Ghana's Kantanka is one of the few car brands that has managed to gain a (rightful) reputation for being able to survive anything. Rugged yet luxurious in their own quirky way, Kantanka has become somewhat of a legend in Africa because of their excellent rapport with media outlets and sturdy build. 

Kantanka is currently working with non-profits to help revive and invigorate Ghana's economy. They are also a leading manufacturer on Africa's continent and have been selling cars and trucks like hotcakes. 

That being said, the reason why Kantanka hasn't quite made it stateside is mostly because they haven't quite gotten the rep among Americans yet. 

Give it time, folks, give it time. 

Daihatsu (Japan)

Okay, admittedly, Daihatsu was sold stateside for a short time. However, what Daihatsu has become is so far away from what it was in the 80s and 90s, it's unfair to actually say that it's the same company anymore. This is one of the oldest Japanese car brands in the world—and it's way different from what you remember. 

In Japan, Malaysia, and Indonesia, Daihatsu has become known as the brand for spacious vans, massive (but amenity-filled) SUVs, and major trucks. They even have an entire line devoted to wheelchair-accessible vehicles. 

To date, there are more Daihatsu cars being made and sold than there are Mitsubishis. They're considered to be one of the most reliable car brands in Japan. Can we please bring this brand back to the United States? 

Automobile Dacia (Romania)

Dacia is a car manufacturer based out of Romania. It's known for being low-budget, relatively reliable, and for having three-star crash ratings on most of its newest vehicles. Around Eastern Europe, Dacia is one of the more popular go-to car brands for people looking for a budget buy. 

The problem with Dacia is its demand. Americans aren't demanding more cars like the ones that Dacia has made. As a result, Dacia probably won't be heading to the US anytime soon.  

Pyeonghwa Motors (North Korea)

If ever there was a company that had a shady background, it's Pyeonghwa Motors. This is one of the only car brands to have ties to a church (the "Moonies" church), and also is the only car brand allowed to advertise in North Korea.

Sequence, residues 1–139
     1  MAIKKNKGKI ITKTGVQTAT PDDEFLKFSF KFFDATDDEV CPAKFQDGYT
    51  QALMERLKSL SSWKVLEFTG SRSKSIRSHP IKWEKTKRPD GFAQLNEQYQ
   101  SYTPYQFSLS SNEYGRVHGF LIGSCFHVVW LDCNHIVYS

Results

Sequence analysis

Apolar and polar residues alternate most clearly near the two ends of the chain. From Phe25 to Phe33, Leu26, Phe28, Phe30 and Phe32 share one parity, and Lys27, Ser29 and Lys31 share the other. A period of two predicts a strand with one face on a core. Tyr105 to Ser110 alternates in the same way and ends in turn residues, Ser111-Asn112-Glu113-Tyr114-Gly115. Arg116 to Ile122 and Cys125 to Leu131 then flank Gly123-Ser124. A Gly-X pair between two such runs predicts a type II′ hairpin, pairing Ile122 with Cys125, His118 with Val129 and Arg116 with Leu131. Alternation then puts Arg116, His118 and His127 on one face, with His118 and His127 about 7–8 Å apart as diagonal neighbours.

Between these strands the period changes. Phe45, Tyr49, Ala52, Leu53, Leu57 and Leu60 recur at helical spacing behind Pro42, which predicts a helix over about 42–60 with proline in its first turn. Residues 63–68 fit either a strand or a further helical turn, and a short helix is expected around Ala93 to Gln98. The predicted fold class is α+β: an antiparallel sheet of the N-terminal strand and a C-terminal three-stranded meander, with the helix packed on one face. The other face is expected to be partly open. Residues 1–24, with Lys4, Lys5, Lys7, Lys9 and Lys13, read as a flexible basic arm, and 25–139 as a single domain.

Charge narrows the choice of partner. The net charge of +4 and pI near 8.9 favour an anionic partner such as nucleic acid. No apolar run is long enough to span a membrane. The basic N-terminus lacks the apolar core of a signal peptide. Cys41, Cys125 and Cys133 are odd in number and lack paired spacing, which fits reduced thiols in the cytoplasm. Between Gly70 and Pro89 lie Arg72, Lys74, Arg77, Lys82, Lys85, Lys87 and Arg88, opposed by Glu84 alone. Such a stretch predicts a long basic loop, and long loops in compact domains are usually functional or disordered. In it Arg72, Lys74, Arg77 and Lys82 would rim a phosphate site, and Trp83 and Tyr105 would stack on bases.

Uh, we don't really need to say why Pyeonghwa Motors isn't allowed in the US, right? They produce around 10,000 units per year—allegedly. 

Tata Motors (India)

Tata Motors is a name that people throughout India, China, Singapore, and large swaths of the Middle East would instantly recognize. They are known for having sturdy trucks, SUVs, sedans, hatchbacks, and in the past, a couple of sports cars, too. Saying that Tata is one of the largest car brands is an understatement; they're downright massive. 

In the past, Tata Motors had a little bit of headway into the United States. However, due to emissions issues, quality issues, and a lack of demand, the US portion of Tata never took off. Nowadays, the only branch we have of this brand is in defense. 

Recently, Tata announced that they would consider selling the Tata Micro in the US for around $5,000 brand new. However, that still hasn't quite come to fruition yet. Maybe in the future? 


W-Motors is a name that many supercar fans might recognize. They made one of the fastest supercars in recent history: the Lykan HyperSport. Based out of Lebanon, this is one of the only ultra luxury car brands you'll see to never really make it to the US. 

The reason why? Well, like Italdesign, it's just really hard to get your hands on one of these babies. So, if you're in Saudi Arabia or Lebanon, you might want to give a W-Motors car a test drive.